The Future of Democracy: Why the Trends of Participation and Deliberation Give Hope

What can be done when citizens do not trust their governments or do not exercise their rights of participation? Innovative approaches are needed and are being tested worldwide, including in Switzerland. The second article from the project “Demokratielabor Basel” gives an insight into new forms of citizen participation and their promise for the democracy of tomorrow.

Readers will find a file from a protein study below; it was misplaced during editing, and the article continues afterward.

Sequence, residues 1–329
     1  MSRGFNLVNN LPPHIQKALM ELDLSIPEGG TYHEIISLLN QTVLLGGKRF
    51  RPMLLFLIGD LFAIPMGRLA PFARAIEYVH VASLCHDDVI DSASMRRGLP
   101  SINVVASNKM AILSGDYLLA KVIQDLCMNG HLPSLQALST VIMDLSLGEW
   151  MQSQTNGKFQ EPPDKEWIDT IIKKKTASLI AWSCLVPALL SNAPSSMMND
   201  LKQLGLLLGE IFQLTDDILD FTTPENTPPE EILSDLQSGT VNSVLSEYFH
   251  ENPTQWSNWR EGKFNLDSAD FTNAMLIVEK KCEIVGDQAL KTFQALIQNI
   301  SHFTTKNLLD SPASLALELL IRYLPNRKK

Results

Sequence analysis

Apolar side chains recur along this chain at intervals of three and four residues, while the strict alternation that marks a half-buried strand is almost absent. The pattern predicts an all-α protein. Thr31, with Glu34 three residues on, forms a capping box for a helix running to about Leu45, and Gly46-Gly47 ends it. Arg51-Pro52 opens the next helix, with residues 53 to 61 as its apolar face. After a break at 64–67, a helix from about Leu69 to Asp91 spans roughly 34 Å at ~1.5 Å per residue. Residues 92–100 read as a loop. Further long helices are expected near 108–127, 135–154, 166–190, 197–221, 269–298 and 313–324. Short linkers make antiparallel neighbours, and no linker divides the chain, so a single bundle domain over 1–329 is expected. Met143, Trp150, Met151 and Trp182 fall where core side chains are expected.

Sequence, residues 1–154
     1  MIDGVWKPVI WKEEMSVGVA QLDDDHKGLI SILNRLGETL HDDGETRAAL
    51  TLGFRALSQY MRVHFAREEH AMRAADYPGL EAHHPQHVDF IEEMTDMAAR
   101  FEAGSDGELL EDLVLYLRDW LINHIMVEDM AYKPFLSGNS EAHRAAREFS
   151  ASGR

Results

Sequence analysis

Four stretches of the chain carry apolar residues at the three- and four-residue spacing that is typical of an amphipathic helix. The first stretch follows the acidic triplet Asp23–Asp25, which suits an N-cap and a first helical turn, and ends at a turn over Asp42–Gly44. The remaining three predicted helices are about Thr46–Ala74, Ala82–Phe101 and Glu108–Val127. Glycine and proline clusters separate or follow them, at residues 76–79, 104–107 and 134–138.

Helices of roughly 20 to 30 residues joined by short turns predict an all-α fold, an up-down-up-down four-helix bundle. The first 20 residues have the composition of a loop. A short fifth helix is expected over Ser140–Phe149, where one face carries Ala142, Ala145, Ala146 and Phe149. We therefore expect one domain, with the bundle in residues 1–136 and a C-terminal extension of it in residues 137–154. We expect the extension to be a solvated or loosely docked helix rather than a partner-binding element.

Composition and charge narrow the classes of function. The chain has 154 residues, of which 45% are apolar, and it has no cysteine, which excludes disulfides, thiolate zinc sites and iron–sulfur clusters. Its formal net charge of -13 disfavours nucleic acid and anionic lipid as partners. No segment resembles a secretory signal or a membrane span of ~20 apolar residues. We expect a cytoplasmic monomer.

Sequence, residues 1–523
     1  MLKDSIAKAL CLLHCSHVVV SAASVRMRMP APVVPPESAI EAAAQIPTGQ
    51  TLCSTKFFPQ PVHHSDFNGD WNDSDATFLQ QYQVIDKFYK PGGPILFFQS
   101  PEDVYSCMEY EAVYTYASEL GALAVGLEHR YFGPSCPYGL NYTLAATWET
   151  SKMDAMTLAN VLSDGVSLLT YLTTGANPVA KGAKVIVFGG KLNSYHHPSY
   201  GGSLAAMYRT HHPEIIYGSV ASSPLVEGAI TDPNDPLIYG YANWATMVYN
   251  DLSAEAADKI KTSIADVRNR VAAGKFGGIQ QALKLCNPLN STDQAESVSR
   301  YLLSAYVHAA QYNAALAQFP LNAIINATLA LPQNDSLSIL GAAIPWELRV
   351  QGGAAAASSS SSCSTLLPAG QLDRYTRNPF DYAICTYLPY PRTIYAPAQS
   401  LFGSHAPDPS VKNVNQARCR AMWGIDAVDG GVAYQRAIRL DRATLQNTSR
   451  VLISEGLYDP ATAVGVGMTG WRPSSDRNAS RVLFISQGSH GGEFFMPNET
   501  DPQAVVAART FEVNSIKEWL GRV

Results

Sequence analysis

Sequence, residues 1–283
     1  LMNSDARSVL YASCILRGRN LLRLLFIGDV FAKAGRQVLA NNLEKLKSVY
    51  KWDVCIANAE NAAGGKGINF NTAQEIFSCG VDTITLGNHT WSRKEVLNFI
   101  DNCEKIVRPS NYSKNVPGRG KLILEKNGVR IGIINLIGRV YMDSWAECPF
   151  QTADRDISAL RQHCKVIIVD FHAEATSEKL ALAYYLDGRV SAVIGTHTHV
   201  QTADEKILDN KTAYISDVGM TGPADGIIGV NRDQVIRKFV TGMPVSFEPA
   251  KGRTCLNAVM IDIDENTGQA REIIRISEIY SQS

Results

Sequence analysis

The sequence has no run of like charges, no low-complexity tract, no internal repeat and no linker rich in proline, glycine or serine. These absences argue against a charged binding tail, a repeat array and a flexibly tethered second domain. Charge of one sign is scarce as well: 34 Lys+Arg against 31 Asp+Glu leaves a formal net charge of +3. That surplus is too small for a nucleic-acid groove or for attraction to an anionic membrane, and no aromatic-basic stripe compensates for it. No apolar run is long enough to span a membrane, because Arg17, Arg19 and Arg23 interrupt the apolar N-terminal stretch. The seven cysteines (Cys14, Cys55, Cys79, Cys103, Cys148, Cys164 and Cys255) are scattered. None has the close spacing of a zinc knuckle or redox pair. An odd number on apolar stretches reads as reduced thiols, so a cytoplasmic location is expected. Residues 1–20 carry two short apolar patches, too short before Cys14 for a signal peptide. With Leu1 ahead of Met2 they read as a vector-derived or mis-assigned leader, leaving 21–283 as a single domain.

First of all, there is currently a problem: democracies worldwide have a trust and participation deficit. Trust is a currency that is particularly in demand in democracies. The trust of citizens that the authorities will carry out the tasks entrusted to them in the interest and for the benefit of the population is essential for the functioning of a democratic state. If mistrust of elected bodies becomes widespread or large sections of citizens no longer want to participate (or are excluded from participation in the first place), a democratic system loses its representativeness and legitimacy. In concrete terms, a loss of trust can have a direct negative impact on the population’s willingness to cooperate with political measures and thus impair the execution of important state tasks by state bodies. When supporters of former US President Donald Trump stormed the Capitol in January 2021 because they doubted the official election results, an example of the loss of trust in established institutions by individual sections of the population was revealed. However, it is not necessary to look as far as the USA, because European institutions also seem to have been gripped by a crisis of trust: According to the OECD Trust Survey [1], on average just four out of ten people in the OECD area trust their national governments. Countries fare even worse when it comes to having a say in general: only three out of ten respondents believe that the political system in their country actually gives them a say [1].